We color-code our hens, getting a different breed each year, so we can better tell how old the various birds are. These were in their third season of laying, which is past their prime. To be honest, I simply didn’t get to butchering them last December (though I should have), and then got too busy this spring. For the last several weeks, they’ve been in their own pasture pen so I can see just how pathetic their egg production has gotten. The nine of them were seldom producing more than three or four eggs per day, which is pretty lousy.

Helper Girl climbed into the pen and crawled around catching birds. As she grabbed each one, she would hand it through the top to me, and I would hand it to one of her brothers. Once everyone had a full load, we took all nine (holding them securely, upside down, by their feet) over to a dog cage I’d set up by the killing cone. This is the Death Row I’ve described in previous posts.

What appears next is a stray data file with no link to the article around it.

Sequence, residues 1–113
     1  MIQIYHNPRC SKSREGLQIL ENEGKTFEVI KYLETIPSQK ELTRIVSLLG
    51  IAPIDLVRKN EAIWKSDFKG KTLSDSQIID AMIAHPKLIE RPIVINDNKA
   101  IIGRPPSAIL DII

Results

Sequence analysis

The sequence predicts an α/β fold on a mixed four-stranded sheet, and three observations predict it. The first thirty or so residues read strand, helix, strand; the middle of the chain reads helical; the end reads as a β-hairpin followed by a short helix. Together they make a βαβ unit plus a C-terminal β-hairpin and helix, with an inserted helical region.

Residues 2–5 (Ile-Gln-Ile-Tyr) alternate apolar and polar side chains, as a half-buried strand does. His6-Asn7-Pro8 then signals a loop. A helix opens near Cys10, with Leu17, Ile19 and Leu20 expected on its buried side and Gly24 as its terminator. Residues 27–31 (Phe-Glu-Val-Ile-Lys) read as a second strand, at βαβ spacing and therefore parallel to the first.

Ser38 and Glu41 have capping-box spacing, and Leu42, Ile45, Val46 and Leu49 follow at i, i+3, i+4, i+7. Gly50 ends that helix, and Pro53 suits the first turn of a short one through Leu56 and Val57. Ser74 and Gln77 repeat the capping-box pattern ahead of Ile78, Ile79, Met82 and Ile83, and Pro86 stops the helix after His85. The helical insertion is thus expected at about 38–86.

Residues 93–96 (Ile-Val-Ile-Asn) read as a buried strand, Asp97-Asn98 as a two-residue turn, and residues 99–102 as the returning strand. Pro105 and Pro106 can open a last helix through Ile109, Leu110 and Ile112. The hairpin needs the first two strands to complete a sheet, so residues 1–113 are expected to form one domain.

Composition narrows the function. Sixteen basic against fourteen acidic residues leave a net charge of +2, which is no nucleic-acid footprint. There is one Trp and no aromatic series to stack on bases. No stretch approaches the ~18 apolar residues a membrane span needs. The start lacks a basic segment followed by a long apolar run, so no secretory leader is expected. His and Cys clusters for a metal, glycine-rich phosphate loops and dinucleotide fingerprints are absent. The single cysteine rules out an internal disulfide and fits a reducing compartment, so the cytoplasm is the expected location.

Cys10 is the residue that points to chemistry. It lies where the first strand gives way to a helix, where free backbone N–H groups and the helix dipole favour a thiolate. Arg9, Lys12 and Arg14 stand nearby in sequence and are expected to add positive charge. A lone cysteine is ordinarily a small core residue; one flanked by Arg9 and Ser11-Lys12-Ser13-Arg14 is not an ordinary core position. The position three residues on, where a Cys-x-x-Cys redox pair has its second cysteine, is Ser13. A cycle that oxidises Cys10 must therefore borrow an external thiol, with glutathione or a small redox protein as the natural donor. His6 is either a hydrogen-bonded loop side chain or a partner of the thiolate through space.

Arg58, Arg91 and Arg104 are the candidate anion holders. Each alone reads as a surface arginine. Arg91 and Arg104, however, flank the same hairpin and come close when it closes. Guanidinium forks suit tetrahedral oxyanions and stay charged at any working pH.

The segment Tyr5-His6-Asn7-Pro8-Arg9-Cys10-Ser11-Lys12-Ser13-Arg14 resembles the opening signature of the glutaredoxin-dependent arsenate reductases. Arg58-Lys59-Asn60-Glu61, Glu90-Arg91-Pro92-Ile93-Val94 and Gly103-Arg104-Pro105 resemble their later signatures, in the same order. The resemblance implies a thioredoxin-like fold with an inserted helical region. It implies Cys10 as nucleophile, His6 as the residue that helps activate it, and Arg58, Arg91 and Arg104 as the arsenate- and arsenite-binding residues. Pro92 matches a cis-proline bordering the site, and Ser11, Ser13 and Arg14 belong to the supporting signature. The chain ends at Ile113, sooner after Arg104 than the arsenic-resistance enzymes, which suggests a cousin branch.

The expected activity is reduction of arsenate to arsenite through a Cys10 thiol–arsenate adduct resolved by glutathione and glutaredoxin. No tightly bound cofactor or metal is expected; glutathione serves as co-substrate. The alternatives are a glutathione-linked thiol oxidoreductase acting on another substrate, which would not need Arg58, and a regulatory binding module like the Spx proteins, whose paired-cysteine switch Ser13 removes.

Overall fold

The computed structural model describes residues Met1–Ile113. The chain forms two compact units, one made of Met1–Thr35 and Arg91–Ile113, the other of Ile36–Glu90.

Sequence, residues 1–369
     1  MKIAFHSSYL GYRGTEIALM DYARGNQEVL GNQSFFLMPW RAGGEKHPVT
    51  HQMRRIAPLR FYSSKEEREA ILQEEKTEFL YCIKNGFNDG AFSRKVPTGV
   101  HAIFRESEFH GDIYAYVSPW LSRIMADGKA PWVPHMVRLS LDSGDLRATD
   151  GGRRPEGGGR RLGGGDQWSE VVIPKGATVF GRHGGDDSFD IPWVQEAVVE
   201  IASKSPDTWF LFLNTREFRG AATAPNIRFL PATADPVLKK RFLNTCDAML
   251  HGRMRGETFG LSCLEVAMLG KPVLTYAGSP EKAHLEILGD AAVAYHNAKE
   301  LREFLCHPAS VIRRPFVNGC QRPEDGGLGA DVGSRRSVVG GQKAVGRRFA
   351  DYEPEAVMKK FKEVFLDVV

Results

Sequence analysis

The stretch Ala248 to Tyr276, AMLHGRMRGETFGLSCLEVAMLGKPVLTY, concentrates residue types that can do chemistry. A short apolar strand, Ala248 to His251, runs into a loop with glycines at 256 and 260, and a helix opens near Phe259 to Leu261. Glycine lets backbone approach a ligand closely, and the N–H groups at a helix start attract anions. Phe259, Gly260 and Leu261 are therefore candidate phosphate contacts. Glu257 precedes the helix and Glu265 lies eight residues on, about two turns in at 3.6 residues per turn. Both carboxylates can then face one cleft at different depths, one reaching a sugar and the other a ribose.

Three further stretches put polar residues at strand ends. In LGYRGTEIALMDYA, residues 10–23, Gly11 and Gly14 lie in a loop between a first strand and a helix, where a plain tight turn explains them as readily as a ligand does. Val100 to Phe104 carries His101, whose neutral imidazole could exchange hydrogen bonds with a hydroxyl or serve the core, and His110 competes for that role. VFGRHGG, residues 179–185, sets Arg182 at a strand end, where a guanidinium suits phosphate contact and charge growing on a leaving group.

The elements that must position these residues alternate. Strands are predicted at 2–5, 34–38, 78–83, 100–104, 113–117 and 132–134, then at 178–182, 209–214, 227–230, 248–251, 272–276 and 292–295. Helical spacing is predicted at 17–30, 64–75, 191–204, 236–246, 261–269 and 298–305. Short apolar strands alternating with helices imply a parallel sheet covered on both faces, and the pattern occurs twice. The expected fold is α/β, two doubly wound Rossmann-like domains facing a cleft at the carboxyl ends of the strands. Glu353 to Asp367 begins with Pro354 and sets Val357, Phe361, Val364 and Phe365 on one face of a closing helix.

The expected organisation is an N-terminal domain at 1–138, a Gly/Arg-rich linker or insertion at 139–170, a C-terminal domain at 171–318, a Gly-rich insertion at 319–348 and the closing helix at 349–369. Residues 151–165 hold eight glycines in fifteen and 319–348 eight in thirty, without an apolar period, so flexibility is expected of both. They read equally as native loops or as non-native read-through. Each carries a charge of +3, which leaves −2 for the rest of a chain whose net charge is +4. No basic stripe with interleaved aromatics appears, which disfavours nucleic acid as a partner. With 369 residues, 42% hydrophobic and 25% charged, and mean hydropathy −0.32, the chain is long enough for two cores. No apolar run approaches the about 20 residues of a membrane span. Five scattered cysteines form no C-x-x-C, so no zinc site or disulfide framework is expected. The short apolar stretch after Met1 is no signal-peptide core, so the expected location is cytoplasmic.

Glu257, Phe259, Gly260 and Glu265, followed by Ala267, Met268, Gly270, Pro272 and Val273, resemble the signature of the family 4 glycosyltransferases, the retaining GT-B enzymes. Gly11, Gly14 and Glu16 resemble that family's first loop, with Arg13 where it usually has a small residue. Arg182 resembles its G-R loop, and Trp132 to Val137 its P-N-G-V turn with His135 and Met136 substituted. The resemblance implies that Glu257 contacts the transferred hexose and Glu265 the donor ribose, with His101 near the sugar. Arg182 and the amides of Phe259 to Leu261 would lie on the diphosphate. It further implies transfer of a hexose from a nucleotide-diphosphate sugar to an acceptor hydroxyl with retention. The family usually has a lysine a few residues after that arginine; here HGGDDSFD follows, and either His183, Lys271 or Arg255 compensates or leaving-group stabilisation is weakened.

One by one, we positioned them upside down in the killing cone, slit their throats, and let them bleed to death. The kids took turns holding the hens’ feet, having first changed into their “butchering clothes”. (Which are, of course, one stage more ragged than “play clothes”. I have certain clothes that are so ragged, the instant I put them on the kids know it must be butchering day.)

As each bird died, I would load a new bird, slit its throat, and have a child hold the hen as it bled to death. I would then take the dead hen to a large pot of scalding water, dunk it several times to loosen the feathers, and then use a mechanical feather plucker to whisk all the feathers off. The plucker is a large drum, drilled and filled with over 100 rubber fingers, belt-driven by an electric motor. This thing is wonderful: it transforms a 5 minute chore into a ten second blip, spitting all the feathers out into a pile on the back end.